The volatility component is designed to capture the market price risk associated with each Member’s portfolio at a 99th percentile level of confidence. The VaR Charge is the volatility component applicable to most Net Unsettled Positions, and usually comprises the largest portion of a Member’s Required Deposit. Procedure XV of the Rules currently provides that the VaR Charge shall be calculated in accordance with a generally accepted portfolio volatility margin model utilizing assumptions based on reasonable historical data and an appropriate volatility range. As such, NSCC currently calculates a Member’s VaR Charge utilizing the VaR model, which incorporates an EWMA volatility estimation.
Remember when I subtracted John's buys of $600 with Mary's sell of $290 to get $310? That's the broker's net unsettled cash positions. The 99% VaR is basically, "99% of the time the broker's net unsettled will not be higher than X". You might remember if you took statistics about confidence intervals; this is the upper 99% confidence interval.
Bad Desmos Graphs
So, let's model our risk as a Normal curve, for simplicity's sake. Here I've graphed a normal distribution with a line representing the 95% percentile
The Y axis is probability, the X axis is Robinhood's net unsettled positions. The more positive, the more money they'd owe theoretically.
Now, what happens if more people buy than sell? Then it'd shift over to the right
Hasn't the 95% percentile moved rightward as well? Now, what happens if the market is super volatile (i.e, the std dev of the distribution increases)
Wow, now it's even more to the right!
As you can see, buys make this worse, sells make it better. Robinhood could not execute buys, because it would increase the deposits they'd need, which they legally must obligate by. Sells, on the other hand, do not have this problem. They would not push the 95% boundary more to the right.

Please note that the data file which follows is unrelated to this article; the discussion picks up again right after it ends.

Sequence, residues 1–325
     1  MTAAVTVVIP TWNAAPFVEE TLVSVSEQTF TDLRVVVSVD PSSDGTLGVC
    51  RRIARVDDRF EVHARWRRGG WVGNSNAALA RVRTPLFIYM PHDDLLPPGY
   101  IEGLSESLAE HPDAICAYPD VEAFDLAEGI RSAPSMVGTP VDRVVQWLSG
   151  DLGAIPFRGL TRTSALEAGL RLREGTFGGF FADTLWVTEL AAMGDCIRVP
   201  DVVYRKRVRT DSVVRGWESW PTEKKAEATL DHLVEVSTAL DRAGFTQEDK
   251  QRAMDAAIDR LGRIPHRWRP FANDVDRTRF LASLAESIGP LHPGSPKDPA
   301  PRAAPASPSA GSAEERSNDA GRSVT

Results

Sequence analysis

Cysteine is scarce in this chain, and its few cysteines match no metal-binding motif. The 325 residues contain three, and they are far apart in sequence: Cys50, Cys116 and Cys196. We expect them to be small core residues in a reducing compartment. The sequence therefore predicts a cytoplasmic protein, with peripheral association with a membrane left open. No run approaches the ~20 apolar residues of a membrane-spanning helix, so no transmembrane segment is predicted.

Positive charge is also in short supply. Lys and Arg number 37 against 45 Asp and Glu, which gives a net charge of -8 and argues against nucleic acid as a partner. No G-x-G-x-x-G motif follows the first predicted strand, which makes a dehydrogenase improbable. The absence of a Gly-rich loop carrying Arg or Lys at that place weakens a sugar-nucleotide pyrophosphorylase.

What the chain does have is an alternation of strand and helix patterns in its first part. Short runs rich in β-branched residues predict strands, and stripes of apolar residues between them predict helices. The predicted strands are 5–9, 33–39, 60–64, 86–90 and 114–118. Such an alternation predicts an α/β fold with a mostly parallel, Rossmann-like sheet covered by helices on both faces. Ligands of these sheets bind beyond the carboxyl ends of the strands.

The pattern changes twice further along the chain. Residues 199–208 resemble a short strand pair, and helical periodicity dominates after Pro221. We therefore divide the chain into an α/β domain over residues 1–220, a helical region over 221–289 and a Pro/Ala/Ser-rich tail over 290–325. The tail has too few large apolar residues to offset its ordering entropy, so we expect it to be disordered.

So really, it's not a bad decision or good decision that Robinhood halted buys of GME - it wasn't a decision, and it wasn't something they alone did.
These brokers halted buys of GME
- M1 Finance
While others only halted options
Hmm, see a pattern? The former group includes companies like Robinhood (2013), WeBull (2017), M1 Finance (2015), while the latter has TDA (1975), Schwab(1971), Trading212 (2004).
(Okay, E-Trade is actually old too, but I guess they're just cash-strapped right now?)
Looks like young brokers with a limited capital resources to me.
Stay or Switch?
If there's something to fault Robinhood, it's that they're a young, janky broker (and also you might be getting screwed on the spread by Citadel). If they had more money on-hand they might not have had to stop buys of Gamestop. Perhaps they should have expected this and raised more capital earlier.
And that's a real reason to stay away from Robinhood. But for the love of god do not swap to WeBull or something if that's your concern.
And don't do it because you're abhorred by Robinhood's class warfare or something. Because that didn't happen - it was a mixture of SEC regulations and a cash-strapped startup (well, cash-strapped on big broker scales).
Although if you want to get mad at Hedge Funds anyway, feel free! You should always be mad at Hedge Funds. But please pick a real reason - you have no lack of choice to pick from.